This was my first time writing a series. Every time I tried to advance the story, I found that I kept going back to figure out the elements of the world that were influencing the actions of my characters. Finally, I realized what I had to do.
There needed to be something consistent to hang it all together.
That was my epiphany. My big realization. Instead of dreaming up the universe as I went, I needed to put the story on pause, go back and create the elements of the world first.
Once that realization hit me I felt a profound sense of relief.
By the time I was done, the write-up of my world turned out to be 60 pages. I had sketches, pictures, references, galactic maps, and more. I covered everything from past races to current governments, along with the framework and mechanics that made everything click.
When I wrote Star Angel I knew to begin the process with a lot of research about that world I created an historical timeline from 100,000 years before the stories take place, along with write-ups for all major events. I call it the “Star Angel Companion”.
No one will probably ever read it.
Earth is easier
At the end of the day, worldbuilding is a selfless thing. You’re doing it to save everyone’s sanity, not least of all your own. It helps. Greatly.
Especially in a fictional world.
Writers of stories in a modern or historical setting have it a bit easier, as their “world” is pre-built for them. Stories that take place right here on Earth, in the “real” world, have our entire existence to draw from. It’s the world we know. For instance, we all know the details of World War I. It’s there for anyone to access, and we all know exactly how it shaped our modern world and how it might lead to any character motivations.
That’s a huge advantage for any author and his readers. Everyone knows the world we live in.
This isn’t always the case if you’re creating a fictional universe. Depending on how “fictional” your universe is (is it a slightly alternate version of Earth? Or is it Star Wars fictional?), you may not be able to draw much from our shared reality at all.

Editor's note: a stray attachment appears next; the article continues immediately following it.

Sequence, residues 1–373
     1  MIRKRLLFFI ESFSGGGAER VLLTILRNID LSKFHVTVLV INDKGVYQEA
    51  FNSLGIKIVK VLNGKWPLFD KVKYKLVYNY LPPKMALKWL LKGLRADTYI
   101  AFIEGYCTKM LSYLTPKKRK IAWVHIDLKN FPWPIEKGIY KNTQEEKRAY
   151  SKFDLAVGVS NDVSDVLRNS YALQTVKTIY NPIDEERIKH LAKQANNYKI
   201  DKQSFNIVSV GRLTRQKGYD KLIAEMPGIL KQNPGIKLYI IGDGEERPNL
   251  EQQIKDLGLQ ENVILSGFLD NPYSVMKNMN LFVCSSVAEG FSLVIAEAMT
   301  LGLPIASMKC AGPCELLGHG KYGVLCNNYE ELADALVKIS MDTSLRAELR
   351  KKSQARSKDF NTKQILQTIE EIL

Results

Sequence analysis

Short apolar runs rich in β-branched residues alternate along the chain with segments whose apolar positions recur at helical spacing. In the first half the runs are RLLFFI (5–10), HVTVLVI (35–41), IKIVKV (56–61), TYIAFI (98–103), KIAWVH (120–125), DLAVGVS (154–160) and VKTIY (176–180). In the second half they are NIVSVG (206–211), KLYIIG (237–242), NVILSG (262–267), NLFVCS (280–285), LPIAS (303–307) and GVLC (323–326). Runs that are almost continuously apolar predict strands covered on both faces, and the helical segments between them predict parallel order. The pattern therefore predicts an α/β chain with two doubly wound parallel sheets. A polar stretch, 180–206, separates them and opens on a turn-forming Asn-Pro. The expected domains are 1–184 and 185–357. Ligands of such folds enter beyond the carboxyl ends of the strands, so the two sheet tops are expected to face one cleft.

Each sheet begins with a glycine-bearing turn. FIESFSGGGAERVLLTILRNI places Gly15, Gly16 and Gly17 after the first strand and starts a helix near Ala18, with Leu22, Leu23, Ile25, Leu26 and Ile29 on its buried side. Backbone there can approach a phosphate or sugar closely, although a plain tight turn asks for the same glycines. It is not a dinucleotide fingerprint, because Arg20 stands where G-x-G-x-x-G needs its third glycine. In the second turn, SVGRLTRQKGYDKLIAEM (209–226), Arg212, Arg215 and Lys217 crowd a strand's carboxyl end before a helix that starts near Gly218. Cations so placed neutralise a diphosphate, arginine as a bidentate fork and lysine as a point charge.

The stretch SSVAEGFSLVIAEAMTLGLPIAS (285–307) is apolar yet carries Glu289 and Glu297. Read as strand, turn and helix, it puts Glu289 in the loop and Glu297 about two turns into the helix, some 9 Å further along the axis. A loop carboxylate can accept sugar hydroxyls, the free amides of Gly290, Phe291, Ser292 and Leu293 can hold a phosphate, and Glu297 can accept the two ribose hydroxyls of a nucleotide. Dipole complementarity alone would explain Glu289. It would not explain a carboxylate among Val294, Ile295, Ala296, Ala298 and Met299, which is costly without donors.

That means you must craft your own.
A Few Ideas
For your story to work you need to at least have the basic elements defined. If you don’t your characters will be swimming in an ocean with no direction and no land.
Worldbuilding is important. Did I say that already?
Here are some components you might consider taking the time to define for your story:
- Historical data
- Legends and prophecies
- Races and their cultures
- Lineages and hierarchies
- The physics of the planet
- Rules of magic (and other fantastic knowledge)
Now, keep in mind, you may never use many of these factors in your story. But when you do, because you’ve got it all laid out, and interconnected, it becomes very easy to write and your readers can easily lose themselves in what’s really important.
It’s Your Universe
Stan Lee, of Marvel fame, once said:
“The best way to rule a universe is to create it.”
Great quote. Great dude.
Take the time to flesh out your world, your back stories, your historical motivations, and all else that shapes the universe in which your characters live. This can be work, no doubt. But the reward will become clear the further you forge into your story when you see how easily things hang together, how well the pieces fit, and how much what your characters are doing makes sense.
Doing so ensures continuity. It removes distractions for the reader. And, if you take the time early on, it most definitely makes it easier in the long run for you, the writer.
Thanks again for having me.
As always, keep writing!
If you’d like to learn more about writing a book, here are some articles for you to read: